“We spend many hours working together and, as volunteers, recognize the power of the event in bringing our community together for something special,” said McConville. " Each PK event feels unique.”

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Kelly, who works in the library at the University of Dayton, has handled marketing for the project. “I moved to Dayton in 2010, started going to PK and liked it right away,” she said. " It was a great way to learn about Dayton and its people. You start making connections and have a real sense of community.” She says the events have taught her to be more empathic. “It’s about hearing other people’s stories that you wouldn’t hear otherwise.”

How PK got started in Dayton

Jill Davis of South Park is credited with bringing the idea to town after establishing a handshake agreement with the parent organization in Japan and agreeing to host at least four PK nights each year. Eight speakers on a variety of topics entertained — and educated — 50 people in the audience. “It felt like an open-mic night,” Davis once recalled. ”There was good energy and it was fun!”

It wasn’t long before many other South Park residents had joined her to plan future evenings. What makes the Dayton PechaKucha unusual, Davis always said, is that the venue is different each time. Events have been held in buildings ranging from the University of Dayton to the K12 Gallery , the Gentile Building and the Brightside venue.

Jason Antonick of Dayton has served on the PK planning team and has also been a speaker and an emcee. “You just don’t know what you’re going to get,” he said of the eclectic line-up. “You can hear someone talk about raising bearded dragons and the next person might talk about sex and sexuality. And the next one talks about ballet or 18th century literature.”

The great thing about the format, Antonick believes, is that it moves so quickly. “If you like the topic, you’d better pay attention because it’s almost over,” he says. “And if you don’t like it, just remember that it will be over in a few minutes.” (Six minutes and 40 seconds, to be exact.)

His own topic was “Raising Butterflies and Moths.” “I took museum classes at the Dayton Museum of Natural History when I was a child,” he says. “When I did my presentation, a father of one of the kids I’d taken classes with at the museum came up to me teary-eyed.”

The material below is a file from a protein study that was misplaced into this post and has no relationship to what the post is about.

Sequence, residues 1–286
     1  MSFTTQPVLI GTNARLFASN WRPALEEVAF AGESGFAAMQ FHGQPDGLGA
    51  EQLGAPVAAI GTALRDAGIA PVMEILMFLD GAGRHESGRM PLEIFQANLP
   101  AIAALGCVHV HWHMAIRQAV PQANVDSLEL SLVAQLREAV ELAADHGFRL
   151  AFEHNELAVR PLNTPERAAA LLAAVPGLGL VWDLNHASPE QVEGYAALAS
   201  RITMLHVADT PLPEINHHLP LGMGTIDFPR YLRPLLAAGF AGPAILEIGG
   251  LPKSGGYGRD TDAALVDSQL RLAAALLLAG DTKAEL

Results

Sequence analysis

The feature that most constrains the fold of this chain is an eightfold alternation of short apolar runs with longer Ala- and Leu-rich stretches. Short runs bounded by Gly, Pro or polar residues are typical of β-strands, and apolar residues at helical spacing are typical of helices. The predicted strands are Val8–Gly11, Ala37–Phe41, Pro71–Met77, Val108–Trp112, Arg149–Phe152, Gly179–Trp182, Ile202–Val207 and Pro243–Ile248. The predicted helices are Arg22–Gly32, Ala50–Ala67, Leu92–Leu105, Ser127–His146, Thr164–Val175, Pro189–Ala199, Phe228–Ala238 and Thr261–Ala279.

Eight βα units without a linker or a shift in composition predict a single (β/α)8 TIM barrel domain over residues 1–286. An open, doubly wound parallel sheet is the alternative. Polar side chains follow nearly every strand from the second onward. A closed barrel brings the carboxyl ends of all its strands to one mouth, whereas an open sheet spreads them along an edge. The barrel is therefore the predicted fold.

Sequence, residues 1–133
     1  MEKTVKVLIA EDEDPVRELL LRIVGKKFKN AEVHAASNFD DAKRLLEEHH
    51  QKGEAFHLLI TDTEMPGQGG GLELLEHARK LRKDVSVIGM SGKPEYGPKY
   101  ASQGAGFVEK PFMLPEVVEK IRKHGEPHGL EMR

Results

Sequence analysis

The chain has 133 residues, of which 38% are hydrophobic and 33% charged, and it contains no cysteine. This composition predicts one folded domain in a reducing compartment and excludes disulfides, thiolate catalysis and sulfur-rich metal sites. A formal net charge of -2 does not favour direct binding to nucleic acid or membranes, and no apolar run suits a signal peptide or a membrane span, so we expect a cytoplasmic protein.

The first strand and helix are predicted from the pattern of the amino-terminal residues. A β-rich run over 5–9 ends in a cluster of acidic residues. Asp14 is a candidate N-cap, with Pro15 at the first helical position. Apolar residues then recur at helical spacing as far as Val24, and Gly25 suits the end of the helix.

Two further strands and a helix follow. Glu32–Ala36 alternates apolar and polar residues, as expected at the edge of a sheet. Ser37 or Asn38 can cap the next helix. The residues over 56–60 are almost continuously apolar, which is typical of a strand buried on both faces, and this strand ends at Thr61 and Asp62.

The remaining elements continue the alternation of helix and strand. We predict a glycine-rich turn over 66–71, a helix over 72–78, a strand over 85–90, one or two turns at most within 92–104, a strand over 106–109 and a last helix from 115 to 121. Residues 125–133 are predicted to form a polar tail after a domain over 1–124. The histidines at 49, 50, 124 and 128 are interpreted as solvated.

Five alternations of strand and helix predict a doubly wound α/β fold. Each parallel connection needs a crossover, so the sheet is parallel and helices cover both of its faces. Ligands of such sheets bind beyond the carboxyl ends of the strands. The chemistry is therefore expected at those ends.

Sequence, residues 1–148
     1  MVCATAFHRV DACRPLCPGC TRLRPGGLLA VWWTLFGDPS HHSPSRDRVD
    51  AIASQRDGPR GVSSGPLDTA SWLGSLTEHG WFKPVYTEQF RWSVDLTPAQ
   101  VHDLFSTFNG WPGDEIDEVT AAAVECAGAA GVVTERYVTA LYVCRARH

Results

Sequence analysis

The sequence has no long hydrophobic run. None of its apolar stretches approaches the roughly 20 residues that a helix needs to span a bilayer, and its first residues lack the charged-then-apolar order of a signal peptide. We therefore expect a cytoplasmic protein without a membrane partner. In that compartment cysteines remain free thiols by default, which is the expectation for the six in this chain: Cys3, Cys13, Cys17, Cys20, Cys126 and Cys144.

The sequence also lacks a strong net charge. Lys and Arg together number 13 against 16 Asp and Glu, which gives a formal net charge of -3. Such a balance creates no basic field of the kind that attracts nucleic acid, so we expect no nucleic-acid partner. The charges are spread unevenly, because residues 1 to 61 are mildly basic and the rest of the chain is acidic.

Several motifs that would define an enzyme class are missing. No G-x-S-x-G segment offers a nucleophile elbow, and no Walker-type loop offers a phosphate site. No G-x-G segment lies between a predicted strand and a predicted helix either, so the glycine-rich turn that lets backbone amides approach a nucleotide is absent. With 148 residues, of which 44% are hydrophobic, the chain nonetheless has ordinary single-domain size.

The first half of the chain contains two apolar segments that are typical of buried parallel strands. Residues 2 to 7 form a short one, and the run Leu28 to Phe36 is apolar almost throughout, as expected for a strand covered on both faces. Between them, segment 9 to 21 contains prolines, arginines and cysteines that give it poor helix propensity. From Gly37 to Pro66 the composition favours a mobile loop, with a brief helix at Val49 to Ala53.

Although some have compared Pecha Kucha to the popular TED talks, McConville says there are some important differences.

“We prefer the grittiness of our presentations,” she said. “They aren’t as polished, they don’t require so much time and effort. Ours are open to anyone; no auditions required.” Those who’d like to take the mic need only come up with a creative topic, write a script with 20 images to match. You don’t have to be a tech wizard; the committee will help you with the rest though it’s probably best to attend a PK night before participating.”

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“It’s a raw event, " McConville said. “Even though speakers submit their 20 images to us before the event, sometimes we haven’t even met the people in advance. Some people you may not think would be the best speakers turn out to be amazing!”

You can watch past presentations from around the world, including Dayton. Check out PechaKucha.com

Contact this reporter at 937-225-2440 or email Meredith.Moss@coxinc.com.


What: PechaKucha Night Dayton

When: 7:30-9 p.m. on Wednesday, Sept. 1

Where: Levitt Pavilion, 134 S. Main St., downtown Dayton

Admission: Free. Donations are appreciated and keep the event sustained.

All are invited to bring picnic blankets, chairs, food, beverages, and alcohol (alcohol will also be for sale).

Parking: Park in the Oregon District garage for $1; or park on the street for free.

For more information: Facebook or contact: pkdayton@gmail.com.